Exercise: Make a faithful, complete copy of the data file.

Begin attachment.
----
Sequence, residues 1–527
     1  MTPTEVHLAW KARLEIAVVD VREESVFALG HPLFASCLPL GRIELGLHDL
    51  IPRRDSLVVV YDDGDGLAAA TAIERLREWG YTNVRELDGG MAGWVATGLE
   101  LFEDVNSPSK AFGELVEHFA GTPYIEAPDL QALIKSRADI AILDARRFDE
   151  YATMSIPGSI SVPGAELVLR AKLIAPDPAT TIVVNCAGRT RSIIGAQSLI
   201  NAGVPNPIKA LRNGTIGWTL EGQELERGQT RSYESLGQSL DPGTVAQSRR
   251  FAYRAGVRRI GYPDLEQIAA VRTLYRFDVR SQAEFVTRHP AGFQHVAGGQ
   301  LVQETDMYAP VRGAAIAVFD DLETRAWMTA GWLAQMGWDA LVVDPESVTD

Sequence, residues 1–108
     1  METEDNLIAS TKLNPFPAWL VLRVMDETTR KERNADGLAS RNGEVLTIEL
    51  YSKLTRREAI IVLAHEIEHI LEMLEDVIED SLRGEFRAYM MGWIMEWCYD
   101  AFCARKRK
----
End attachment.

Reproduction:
Sequence, residues 1–527
     1  MTPTEVHLAW KARLEIAVVD VREESVFALG HPLFASCLPL GRIELGLHDL
    51  IPRRDSLVVV YDDGDGLAAA TAIERLREWG YTNVRELDGG MAGWVATGLE
   101  LFEDVNSPSK AFGELVEHFA GTPYIEAPDL QALIKSRADI AILDARRFDE
   151  YATMSIPGSI SVPGAELVLR AKLIAPDPAT TIVVNCAGRT RSIIGAQSLI
   201  NAGVPNPIKA LRNGTIGWTL EGQELERGQT RSYESLGQSL DPGTVAQSRR
   251  FAYRAGVRRI GYPDLEQIAA VRTLYRFDVR SQAEFVTRHP AGFQHVAGGQ
   301  LVQETDMYAP VRGAAIAVFD DLETRAWMTA GWLAQMGWDA LVVDPESVTD

Sequence, residues 1–108
     1  METEDNLIAS TKLNPFPAWL VLRVMDETTR KERNADGLAS RNGEVLTIEL
    51  YSKLTRREAI IVLAHEIEHI LEMLEDVIED SLRGEFRAYM MGWIMEWCYD
   101  AFCARKRK